# Visual similarity search algorithm

I'm trying to build a utility like this http://labs.ideeinc.com/multicolr, but I don't know which algorithm they are using, Does anyone know?

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I'm not sure it is a "visual similarity" detection, more like color indexing (colors and area share). As color is made of numeric components, you can build algorithms to crawl into this. –  instanceof me Jun 12 '09 at 17:09

## 3 Answers

All they are doing is matching histograms.

So build a histogram for your images. Normalize the histograms by size of image. A histogram is a vector with as many elements as colors. You don't need 32,24, and maybe not even 16 bits of accuracy and this will just slow you down. For performance reasons, I would map the histograms down to 4, 8, and 10-12 bits.

• Do a fuzzy `least distance compare` between the all the 4 bit histograms and your sample colors.
• Then take that set and do the 8 bit histogram compare.
• Then maybe go up to a 10 or 12 bit histogram compare with the remaining set. This will be the highest performance search, because you are comparing the total set with a very small number of calculations, to find a small subset.
• Then you work on the small subset with a higher number of calculations, etc.

The real big trick is to find the best algorithm for matching similar histograms.

• Start with the distance calculation. In 3 dimensions i think it was:

SQRT((x1-x2)^2 + (y1-y2)^2 + (z1-z2)^2)

I'm doing this from memory, so look it up to make sure.

• For your purposes, you will have more than 3 dimensions, so you will have more terms. A 4 bit histogram would have 16 terms, an 8 bit one would have 256 terms, etc. Remember that this kind of math is slow, so don't actually do the `SQRT` part. If you normalize the size of your images small enough, say down to 10,000 pixels, then you know you only will ever have to do `x^2` for values 0..10,0000. Pre-calculate a lookup table of `x^2` where x goes from 0..10,000. Then your calculations will go fast.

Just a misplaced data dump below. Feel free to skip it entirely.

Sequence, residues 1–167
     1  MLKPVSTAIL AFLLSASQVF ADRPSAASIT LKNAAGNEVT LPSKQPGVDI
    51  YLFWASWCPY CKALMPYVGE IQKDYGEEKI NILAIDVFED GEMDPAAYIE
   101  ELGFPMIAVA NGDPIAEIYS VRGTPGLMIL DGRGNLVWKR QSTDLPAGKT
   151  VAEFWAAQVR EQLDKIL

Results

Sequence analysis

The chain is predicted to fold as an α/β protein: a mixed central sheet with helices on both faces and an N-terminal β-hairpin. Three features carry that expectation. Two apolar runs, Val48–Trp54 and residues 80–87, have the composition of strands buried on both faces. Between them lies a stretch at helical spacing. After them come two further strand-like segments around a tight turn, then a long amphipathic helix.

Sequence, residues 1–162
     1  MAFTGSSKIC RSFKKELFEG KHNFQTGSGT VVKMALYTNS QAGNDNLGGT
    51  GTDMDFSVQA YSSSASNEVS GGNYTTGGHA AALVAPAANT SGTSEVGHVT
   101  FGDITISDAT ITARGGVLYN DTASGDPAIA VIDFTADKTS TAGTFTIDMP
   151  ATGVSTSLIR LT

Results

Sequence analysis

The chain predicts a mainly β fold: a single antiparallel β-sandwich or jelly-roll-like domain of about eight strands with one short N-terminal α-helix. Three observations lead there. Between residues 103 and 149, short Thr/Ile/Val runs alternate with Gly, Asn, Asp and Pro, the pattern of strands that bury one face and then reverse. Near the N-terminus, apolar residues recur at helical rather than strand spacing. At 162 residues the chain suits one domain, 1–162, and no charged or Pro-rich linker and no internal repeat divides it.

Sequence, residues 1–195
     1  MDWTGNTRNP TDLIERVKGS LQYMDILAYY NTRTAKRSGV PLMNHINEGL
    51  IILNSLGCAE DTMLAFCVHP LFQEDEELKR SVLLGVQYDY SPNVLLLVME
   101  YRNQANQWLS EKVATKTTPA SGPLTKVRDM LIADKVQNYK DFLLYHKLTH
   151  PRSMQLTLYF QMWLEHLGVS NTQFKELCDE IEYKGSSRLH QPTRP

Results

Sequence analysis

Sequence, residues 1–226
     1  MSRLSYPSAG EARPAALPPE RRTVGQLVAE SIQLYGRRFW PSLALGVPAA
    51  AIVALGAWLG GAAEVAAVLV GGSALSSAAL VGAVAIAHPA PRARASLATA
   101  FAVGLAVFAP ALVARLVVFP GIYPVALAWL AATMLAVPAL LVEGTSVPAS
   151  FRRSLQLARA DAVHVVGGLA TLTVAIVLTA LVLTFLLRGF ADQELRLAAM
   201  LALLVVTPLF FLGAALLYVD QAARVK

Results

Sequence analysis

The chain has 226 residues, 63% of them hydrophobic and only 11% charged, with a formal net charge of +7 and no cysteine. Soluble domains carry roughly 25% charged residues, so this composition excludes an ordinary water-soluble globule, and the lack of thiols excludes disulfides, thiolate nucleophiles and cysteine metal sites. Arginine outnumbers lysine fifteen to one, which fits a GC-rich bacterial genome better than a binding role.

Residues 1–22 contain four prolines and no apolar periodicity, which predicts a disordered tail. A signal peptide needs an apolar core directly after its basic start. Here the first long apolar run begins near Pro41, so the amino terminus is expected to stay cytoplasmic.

• When you select a color from the palette, just make a histogram with that color = 10,0000. When select 2, make a histogram with color1=5000, color2=5000 etc.

• In the end you will have to add in fudge factors to make the application match the real world, but you will find these with testing.

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thanks i will use imageJ and this programe algorithm rsb.info.nih.gov/ij/plugins/color-inspector.html –  Emrah Jun 12 '09 at 19:37
I mention doing a fuzzy least distance compare. I think I was on drugs. Just do the least distance compare. :) –  johnnycrash Jun 12 '09 at 19:44

I'd suggest you do some kind of clustering of the colors present in the images in your database. I mean, for each image in your database:

• collect the colors of each pixel in the image
• perform clustering (let's say k-mean clustering with 5 clusters) on the collected colors
• store the clustered colors as representative descriptor of the image

When the user provides a set of one or more query colors you do some kind of greedy matching choosing the best match between the given colors and the color descriptor (the 5 reprsentative colors) of each image in your database.

What is the size of your image collection, because depending on the size some search indexing can be a bigger problem than the alogorith itself?

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Probably just creating a histogram of the colors used in the images, then doing a best fit to the user-selected colors.

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